Anyone can get a UTI, but they’re most common in women aged 16 to 35. Most UTIs (80-90%) are caused when E. coli, (the bacteria found in feces and in the digestive tracts of humans and animals) enters the urinary tract through the urethra where they begin to multiply.
Things that can increase your risk for a UTI include:
- Having female anatomy - someone with female anatomy has a shorter urethra, making it easier for an infection to reach the bladder. On top of that, the urethral opening is closer to the anus on the female body than on a male body.
- Sexual Activity - UTIs are not considered sexually transmitted infections, but being sexually active does increase your risk of getting one.
- Using certain kinds of birth control - people who use diaphragms or certain spermicidal creams may be at a higher risk for UTIs.
- Menopause or pregnancy
- Having compromised immune system - individuals with certain conditions like AIDS or diabetes may be more susceptible to UTIs.
- Catheter use
How do I prevent UTI’s in the future?
- Wipe from front to back, and keep your genital area clean. But stay away from douches and feminine hygiene sprays, which only cause irritation. Avoid tight-fitting or synthetic underwear or pants, which trap moisture and encourage bacterial growth.
- Stay hydrated and urinate whenever you feel the need to go. This will help keep things moving through your urinary tract and prevent bacteria from latching on and spreading. Some people drink cranberry juice to stave off a UTI, but the evidence for the efficacy of this is slim.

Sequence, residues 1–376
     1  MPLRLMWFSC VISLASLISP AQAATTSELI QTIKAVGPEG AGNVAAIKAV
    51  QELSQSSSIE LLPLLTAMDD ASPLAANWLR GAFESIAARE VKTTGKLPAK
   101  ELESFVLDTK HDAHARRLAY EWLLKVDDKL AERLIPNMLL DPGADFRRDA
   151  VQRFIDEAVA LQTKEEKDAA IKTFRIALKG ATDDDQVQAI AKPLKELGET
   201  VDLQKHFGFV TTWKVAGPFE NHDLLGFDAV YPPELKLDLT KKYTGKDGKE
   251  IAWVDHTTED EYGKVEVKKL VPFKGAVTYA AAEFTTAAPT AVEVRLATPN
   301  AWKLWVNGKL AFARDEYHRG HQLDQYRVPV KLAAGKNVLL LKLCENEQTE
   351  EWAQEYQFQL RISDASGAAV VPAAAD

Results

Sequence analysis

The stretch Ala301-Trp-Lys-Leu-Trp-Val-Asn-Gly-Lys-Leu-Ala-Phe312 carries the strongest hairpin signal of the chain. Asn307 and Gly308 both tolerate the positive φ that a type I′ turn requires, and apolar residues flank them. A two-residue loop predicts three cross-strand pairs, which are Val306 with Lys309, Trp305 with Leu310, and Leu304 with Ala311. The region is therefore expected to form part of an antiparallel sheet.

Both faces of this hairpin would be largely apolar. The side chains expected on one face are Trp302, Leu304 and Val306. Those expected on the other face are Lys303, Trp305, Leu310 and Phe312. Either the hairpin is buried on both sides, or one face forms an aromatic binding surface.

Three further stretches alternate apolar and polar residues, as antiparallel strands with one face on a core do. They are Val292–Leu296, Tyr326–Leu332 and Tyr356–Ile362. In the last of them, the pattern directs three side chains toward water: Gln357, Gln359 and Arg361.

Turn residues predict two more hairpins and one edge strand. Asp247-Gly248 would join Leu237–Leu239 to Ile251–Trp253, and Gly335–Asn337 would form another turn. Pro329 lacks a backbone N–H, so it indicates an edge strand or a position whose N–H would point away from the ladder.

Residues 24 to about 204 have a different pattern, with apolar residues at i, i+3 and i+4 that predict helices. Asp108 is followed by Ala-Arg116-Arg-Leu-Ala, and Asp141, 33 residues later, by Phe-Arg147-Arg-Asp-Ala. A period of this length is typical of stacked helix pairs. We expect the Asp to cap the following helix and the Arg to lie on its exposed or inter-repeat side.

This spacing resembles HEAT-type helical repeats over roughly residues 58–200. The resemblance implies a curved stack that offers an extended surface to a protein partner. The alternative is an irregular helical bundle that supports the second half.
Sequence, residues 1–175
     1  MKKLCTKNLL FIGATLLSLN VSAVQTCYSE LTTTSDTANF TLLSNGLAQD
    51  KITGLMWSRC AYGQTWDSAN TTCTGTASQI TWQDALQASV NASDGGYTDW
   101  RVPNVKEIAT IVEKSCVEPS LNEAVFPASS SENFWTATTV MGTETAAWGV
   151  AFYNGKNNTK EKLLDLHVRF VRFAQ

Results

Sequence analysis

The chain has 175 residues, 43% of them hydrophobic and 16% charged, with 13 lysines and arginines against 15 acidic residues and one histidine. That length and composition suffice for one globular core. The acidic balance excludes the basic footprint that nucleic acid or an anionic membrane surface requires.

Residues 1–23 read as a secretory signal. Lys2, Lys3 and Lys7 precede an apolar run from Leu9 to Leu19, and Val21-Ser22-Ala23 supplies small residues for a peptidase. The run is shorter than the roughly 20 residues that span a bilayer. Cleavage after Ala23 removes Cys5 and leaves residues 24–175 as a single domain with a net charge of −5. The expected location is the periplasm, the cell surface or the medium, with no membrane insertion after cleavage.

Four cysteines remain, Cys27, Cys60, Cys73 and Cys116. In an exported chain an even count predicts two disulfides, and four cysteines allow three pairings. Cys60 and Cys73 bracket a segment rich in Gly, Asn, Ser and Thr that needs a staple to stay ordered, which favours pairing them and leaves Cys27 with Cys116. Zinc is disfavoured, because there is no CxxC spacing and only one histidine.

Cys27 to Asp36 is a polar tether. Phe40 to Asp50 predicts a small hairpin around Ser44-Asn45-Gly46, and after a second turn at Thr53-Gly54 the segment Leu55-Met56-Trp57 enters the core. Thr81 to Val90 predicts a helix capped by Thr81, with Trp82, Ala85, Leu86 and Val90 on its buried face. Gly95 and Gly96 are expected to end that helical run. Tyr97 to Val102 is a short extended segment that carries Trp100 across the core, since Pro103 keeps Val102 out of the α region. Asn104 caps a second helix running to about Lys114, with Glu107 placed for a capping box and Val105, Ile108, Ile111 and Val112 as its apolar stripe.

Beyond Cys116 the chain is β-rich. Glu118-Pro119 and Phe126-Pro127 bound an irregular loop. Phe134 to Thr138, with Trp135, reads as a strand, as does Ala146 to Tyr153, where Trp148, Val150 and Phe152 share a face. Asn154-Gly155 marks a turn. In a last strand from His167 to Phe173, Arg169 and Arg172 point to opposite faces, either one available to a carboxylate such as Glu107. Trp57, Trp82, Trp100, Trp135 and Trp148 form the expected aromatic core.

- Clean up before sex to prevent any lingering bacteria from getting pushed towards your urethra. Remember that most UTI’s are caused by the bacteria that’s found in the rectum and anus, so keep sexual activity there separate from your urethra! Urinating after sex can help flush out any lingering bacteria.
- If you use a diaphragm or spermicidal jelly and get UTI’s frequently, consider switching birth control methods as these increase your risk for getting a UTI. And don’t be afraid to use lubricant or lubricated condoms during sex, as excess friction can irritate your urethra, making you more susceptible to infection.